An ad promoting a trip to Glacier National Park

It has been reported that the visually stunning “Moulin Rouge” revived the movie musical last year. If that is true, then “Chicago” (the film based on the Bob Fosse stage musical) is continuing to stoke the fire started by “Moulin Rouge.” Hopefully, that flame will turn into a brilliant blaze welcomed by all fans of musical cinema.

“Chicago” tells the story of two women: Velma, a successful singer, and Roxie, who yearns to be on the stage. Both are in jail, waiting trial for different murders. The two women share both a lawyer and a desire to be in the spotlight. Both are good at playing men and particularly the press in their favor. Neither cares for the other, but both seem to respect the other’s talents.   
The story is secondary, however, and serves mainly to connect extravagant production numbers choreographed and filmed with perfection. This is a great-looking film with colorful sets and costuming, and some of the best editing this year in any film. The way the scenes are intertwined with the songs represents skilled editing that should be singled out by the Oscars. The cinematography also succeeds in making the film seem broad, like the stage production upon which it is based, while also bringing the intimacy of film close-ups that a play can never provide. 

In the recent Golden Globe nominations, “Chicago” led all other films with the most nominations: eight. Five of these went to the outstanding cast: Renee Zellweger, Catherine Zeta-Jones, Richard Gere, Queen Latifah and John C. Reilly. Each actor’s character has at least one solo, and what each lacks in musical skill, he or she makes up for with energy.       

“Chicago” is a film about fame: the lure of it, capturing it, holding onto to it. None of these are easy, but each is important to the film’s two leading characters. Those fleeting “15 minutes” of fame are the most important acquisition in life to Roxie and Velma. The film, and probably the stage musical upon which it was based, does not offer strong criticism of this life pursuit.   

Rather, it only offers two clear examples, neither of whom is very appealing. Though these characters are placed in the Roaring ’20s, there is not a lot of difference between them and the thousands who yearn for the spotlight provided today by reality TV.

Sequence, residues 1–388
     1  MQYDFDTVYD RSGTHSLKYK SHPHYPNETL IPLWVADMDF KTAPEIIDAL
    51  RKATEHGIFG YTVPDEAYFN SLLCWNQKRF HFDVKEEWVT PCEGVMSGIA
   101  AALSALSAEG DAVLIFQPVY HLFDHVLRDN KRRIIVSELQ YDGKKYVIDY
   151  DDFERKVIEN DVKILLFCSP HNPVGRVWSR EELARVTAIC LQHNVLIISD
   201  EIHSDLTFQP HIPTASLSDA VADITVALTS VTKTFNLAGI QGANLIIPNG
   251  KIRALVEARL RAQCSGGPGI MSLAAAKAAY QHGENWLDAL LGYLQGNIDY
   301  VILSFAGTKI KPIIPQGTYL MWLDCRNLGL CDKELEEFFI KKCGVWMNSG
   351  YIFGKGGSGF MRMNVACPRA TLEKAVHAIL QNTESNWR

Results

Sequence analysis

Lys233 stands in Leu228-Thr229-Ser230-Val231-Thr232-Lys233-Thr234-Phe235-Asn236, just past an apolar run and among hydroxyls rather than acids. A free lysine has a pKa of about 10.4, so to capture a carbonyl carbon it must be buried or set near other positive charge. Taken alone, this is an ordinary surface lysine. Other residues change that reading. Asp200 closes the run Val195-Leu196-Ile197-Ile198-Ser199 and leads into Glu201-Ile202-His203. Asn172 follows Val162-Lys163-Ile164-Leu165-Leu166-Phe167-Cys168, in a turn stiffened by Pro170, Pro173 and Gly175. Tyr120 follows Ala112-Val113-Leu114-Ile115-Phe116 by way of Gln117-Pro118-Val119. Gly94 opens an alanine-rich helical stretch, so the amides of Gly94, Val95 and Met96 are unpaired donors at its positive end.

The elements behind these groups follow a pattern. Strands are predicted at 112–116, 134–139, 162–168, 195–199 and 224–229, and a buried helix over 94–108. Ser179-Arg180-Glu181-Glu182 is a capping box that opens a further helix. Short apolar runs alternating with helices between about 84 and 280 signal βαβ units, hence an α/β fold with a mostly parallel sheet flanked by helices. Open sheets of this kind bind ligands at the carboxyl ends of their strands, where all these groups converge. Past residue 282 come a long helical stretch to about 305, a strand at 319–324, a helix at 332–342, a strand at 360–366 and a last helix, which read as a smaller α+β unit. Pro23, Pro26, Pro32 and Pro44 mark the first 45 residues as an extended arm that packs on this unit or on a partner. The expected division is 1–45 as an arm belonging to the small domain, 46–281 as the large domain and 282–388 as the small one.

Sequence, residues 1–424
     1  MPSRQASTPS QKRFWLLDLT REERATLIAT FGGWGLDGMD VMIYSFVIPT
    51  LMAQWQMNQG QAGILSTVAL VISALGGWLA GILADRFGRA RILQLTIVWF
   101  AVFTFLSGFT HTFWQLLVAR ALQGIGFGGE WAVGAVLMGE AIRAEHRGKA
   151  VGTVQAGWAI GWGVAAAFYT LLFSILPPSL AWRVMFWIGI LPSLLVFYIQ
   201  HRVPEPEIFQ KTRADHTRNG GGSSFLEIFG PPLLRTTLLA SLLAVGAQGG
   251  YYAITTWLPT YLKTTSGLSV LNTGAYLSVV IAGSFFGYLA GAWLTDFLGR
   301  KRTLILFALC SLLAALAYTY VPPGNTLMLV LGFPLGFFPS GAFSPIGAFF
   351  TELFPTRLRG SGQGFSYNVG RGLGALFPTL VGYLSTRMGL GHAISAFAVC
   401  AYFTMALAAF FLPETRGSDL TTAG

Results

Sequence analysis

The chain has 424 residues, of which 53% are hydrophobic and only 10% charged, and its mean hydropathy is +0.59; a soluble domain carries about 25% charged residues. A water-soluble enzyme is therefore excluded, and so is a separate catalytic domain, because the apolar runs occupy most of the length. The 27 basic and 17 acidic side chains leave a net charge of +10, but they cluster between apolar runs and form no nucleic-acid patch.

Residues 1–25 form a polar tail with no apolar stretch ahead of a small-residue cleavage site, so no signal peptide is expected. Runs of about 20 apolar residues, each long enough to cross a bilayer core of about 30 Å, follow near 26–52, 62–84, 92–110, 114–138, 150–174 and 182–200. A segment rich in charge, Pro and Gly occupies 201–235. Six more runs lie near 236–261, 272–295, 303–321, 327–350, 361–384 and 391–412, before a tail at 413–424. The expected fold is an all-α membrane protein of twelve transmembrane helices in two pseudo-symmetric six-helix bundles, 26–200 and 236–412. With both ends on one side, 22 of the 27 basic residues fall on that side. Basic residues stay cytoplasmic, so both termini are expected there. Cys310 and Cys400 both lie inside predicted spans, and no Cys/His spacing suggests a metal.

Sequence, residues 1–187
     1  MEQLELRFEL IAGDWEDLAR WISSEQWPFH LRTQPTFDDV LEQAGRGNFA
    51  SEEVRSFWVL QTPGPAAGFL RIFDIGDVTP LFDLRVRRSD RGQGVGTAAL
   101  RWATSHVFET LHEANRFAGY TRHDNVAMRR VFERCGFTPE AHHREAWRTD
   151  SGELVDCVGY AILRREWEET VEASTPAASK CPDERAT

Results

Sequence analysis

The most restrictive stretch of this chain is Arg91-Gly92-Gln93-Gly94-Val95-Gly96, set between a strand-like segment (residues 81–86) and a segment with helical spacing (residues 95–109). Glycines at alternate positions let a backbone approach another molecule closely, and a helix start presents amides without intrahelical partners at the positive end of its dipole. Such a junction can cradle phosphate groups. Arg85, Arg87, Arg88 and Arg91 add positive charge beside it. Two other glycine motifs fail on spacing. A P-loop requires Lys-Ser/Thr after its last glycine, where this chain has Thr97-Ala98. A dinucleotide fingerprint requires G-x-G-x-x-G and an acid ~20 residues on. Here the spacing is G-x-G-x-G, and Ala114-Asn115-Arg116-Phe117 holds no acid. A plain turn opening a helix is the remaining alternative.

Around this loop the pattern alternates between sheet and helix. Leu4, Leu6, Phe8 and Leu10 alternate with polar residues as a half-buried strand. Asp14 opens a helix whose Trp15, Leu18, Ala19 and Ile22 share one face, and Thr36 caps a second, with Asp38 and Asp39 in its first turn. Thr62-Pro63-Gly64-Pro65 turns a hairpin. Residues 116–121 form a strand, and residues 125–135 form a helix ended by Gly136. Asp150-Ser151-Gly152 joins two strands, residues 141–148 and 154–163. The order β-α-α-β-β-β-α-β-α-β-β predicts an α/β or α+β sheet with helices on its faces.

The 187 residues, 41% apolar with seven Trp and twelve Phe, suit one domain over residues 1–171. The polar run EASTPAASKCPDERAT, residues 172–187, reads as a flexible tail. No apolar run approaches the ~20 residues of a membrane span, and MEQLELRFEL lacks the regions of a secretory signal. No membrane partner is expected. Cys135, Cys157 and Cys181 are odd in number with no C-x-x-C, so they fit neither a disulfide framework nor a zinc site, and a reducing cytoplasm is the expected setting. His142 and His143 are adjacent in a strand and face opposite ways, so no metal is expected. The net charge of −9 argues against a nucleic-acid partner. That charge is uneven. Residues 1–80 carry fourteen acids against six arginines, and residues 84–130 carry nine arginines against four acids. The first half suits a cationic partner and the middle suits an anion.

Perhaps for Roxie, Velma and their contemporary counterparts, it’s not really about the fame. Rather, being famous offers meaning in life, if only for a moment. In a year when so many films have dealt with the search for meaning in life, Roxie and Velma have chosen what they believe it to be, and they pursue it with every fiber of their being. 

“Chicago,” though, is not heavy with meaning. This story is not as weighted with serious issues as many of the holiday releases. Lawyers, reporters and the legal system are skewered with truth-laced humor. References to a trial being a circus seem all too familiar for anyone who remembers the O.J. Simpson trial. The nature of the press, being manipulated by those creating the stories, also rings true.   

There are a few truly emotional moments, mostly delivered by the great character actor, Reilly. Finally, “Chicago” is simply a smart, witty, toe-tapping musical about jazz, murder, scandal, fame and the great city that gives the film its name.   

“Chicago” is a fun film. 

Roger Thomas is pastor of NortheastBaptistChurch in Atlanta. 

MPAA Rating: PG-13 for sexual content and dialogue, violence and thematic elements

Director: Rob Marshall

Writer: Bill Condon

Cast: Velma Kelly: Catherine Zeta-Jones; Roxie Hart: Renee Zellweger; Billy Flynn: Richard Gere; Amos Hart: John C. Reilly; Matron ‘Mama’ Morton: Queen Latifah.

Share This